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Ashton spokesman Michael Mann said that the EU had not been behind the decision to ban press from the lobby.
“This decision was taken by the Swiss police,” he said. “Nothing to do with us.”
“I am trying to find a workable solution,” Mann said.
For Israel, the biggest threat against us and against global security is Iran's effort to arm itself with nuclear weapons. Israel's approach is that the international community needs to insist on its positions as expressed in UN Security Council resolutions. That is: halt all enrichment, to remove all enriched material, to dismantle the centrifuges and to stop building the facility in Arak. We want a peaceful, diplomatic solution; everyone prefers this over any other solution. But this must be a genuine solution.
For five years, Administration policies have strained relationships with key allies, contributed to instability in a region long essential to American and global security, and emboldened our nation’s adversaries. Look at Syria. After President Obama’s Syrian policy collapsed before the world’s eyes, we lost the trust of valued allies and were scorned by adversaries.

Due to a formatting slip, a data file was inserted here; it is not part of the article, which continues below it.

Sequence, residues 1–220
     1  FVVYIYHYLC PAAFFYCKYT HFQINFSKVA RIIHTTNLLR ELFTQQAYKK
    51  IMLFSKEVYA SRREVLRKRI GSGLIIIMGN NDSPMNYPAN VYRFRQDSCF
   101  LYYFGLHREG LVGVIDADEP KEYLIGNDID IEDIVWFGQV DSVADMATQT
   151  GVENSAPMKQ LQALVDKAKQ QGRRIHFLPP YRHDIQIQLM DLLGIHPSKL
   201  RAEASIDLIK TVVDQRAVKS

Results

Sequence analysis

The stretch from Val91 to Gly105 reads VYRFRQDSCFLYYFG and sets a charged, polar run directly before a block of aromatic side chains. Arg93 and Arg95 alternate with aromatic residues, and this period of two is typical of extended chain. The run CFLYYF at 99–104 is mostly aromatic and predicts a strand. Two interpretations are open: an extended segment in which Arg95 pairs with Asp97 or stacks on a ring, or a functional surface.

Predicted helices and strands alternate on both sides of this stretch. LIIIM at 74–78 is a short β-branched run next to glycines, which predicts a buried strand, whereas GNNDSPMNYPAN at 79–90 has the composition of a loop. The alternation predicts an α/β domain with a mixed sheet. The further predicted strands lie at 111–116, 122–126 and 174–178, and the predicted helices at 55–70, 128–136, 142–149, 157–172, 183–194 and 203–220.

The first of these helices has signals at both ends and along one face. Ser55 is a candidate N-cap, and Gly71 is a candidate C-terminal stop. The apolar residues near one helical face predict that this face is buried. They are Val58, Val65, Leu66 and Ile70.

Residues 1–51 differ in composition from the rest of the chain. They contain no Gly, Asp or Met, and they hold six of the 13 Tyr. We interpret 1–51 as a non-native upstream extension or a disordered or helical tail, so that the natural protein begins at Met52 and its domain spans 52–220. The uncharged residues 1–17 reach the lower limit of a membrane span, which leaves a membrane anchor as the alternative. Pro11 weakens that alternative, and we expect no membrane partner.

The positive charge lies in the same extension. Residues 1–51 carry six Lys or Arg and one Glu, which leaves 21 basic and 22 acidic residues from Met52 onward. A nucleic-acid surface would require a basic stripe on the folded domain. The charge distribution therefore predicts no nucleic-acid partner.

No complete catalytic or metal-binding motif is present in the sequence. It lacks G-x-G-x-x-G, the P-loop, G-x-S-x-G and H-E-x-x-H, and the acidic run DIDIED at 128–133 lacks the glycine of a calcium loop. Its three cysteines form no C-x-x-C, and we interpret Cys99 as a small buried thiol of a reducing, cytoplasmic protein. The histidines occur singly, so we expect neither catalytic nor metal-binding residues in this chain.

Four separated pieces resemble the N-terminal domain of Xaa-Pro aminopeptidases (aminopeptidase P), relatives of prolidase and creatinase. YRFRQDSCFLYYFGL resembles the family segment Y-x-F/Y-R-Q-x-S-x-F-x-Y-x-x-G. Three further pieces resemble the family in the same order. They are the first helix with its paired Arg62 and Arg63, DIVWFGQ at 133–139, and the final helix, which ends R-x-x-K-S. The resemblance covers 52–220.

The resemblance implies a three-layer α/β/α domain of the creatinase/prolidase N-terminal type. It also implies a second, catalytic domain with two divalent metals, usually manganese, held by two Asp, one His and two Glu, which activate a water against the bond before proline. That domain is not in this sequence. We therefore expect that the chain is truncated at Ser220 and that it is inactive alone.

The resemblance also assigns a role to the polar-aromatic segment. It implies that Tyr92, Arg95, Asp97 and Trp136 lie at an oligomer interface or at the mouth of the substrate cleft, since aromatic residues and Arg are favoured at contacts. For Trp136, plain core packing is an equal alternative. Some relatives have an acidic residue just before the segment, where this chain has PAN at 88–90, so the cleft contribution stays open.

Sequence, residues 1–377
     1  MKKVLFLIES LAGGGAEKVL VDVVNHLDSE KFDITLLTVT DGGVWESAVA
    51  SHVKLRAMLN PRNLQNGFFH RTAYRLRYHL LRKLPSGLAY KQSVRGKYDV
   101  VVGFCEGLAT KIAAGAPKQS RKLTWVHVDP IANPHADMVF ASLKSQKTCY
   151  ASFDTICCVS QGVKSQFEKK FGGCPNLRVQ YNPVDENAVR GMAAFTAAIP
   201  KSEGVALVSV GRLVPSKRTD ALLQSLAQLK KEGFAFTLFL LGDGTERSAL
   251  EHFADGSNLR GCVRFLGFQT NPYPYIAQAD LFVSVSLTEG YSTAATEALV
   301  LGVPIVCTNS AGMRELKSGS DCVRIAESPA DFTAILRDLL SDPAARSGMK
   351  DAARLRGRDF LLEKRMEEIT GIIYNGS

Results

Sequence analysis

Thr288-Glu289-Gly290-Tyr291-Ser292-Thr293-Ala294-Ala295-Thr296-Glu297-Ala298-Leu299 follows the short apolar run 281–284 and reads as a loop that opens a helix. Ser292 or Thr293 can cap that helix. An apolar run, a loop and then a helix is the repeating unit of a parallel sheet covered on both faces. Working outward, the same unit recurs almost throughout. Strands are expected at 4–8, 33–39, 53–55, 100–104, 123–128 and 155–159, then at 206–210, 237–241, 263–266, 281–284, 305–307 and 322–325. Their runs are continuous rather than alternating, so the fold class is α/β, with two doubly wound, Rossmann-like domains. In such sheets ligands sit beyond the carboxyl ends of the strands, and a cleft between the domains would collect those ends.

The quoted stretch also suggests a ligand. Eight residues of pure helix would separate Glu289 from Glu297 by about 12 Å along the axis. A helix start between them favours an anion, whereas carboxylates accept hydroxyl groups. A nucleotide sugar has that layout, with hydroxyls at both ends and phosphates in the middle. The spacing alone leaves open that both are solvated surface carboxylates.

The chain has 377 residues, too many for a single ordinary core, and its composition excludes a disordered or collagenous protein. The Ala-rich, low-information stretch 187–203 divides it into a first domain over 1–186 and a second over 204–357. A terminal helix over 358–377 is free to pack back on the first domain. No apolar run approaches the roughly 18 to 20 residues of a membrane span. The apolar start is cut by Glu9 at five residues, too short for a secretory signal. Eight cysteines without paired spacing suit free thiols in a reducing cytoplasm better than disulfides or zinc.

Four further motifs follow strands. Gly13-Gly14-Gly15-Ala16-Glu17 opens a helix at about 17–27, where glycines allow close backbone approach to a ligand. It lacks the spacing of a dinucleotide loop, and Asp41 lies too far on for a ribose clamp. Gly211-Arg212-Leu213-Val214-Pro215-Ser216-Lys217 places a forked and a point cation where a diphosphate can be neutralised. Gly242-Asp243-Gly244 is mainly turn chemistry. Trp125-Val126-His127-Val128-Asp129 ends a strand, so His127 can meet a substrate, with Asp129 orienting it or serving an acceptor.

As a result, it is harder today to combat Iran’s destabilizing activities throughout the region and prevent its determined drive towards nuclear capability. Our allies who watched the United States back down in Syria worry that the credibility of our military option against Iran has been eroded, and fear he will cut a bad deal with Iran. They have good reason to worry.
European Union foreign policy chief Catherine Ashton (L) talks with Iranian Foreign Minister Mohammad Javad Zarif during a photo opportunity before the start of three days of closed-door nuclear talks at the United Nations European headquarters in Geneva November 20, 2013. (Reuters/Denis Balibouse)